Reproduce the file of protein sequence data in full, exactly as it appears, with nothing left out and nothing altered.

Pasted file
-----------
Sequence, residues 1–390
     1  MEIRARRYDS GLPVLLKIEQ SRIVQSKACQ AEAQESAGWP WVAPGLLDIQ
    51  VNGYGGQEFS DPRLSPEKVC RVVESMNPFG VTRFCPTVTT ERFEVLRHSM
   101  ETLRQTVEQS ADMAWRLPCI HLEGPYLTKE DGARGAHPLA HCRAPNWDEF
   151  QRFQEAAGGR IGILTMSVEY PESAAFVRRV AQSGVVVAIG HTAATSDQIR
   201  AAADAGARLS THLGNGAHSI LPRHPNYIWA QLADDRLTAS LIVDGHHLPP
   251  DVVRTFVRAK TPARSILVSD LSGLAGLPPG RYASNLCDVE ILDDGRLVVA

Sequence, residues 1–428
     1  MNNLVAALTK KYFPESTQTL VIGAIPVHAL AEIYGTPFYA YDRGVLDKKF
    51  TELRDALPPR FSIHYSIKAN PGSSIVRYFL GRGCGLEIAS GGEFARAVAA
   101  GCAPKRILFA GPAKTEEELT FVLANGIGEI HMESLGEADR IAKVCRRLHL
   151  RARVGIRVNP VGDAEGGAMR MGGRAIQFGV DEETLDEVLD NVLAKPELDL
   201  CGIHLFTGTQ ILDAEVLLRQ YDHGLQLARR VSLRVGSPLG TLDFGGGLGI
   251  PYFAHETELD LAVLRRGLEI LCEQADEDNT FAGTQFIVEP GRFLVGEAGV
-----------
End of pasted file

Sequence, residues 1–390
     1  MEIRARRYDS GLPVLLKIEQ SRIVQSKACQ AEAQESAGWP WVAPGLLDIQ
    51  VNGYGGQEFS DPRLSPEKVC RVVESMNPFG VTRFCPTVTT ERFEVLRHSM
   101  ETLRQTVEQS ADMAWRLPCI HLEGPYLTKE DGARGAHPLA HCRAPNWDEF
   151  QRFQEAAGGR IGILTMSVEY PESAAFVRRV AQSGVVVAIG HTAATSDQIR
   201  AAADAGARLS THLGNGAHSI LPRHPNYIWA QLADDRLTAS LIVDGHHLPP
   251  DVVRTFVRAK TPARSILVSD LSGLAGLPPG RYASNLCDVE ILDDGRLVVA

Sequence, residues 1–428
     1  MNNLVAALTK KYFPESTQTL VIGAIPVHAL AEIYGTPFYA YDRGVLDKKF
    51  TELRDALPPR FSIHYSIKAN PGSSIVRYFL GRGCGLEIAS GGEFARAVAA
   101  GCAPKRILFA GPAKTEEELT FVLANGIGEI HMESLGEADR IAKVCRRLHL
   151  RARVGIRVNP VGDAEGGAMR MGGRAIQFGV DEETLDEVLD NVLAKPELDL
   201  CGIHLFTGTQ ILDAEVLLRQ YDHGLQLARR VSLRVGSPLG TLDFGGGLGI
   251  PYFAHETELD LAVLRRGLEI LCEQADEDNT FAGTQFIVEP GRFLVGEAGV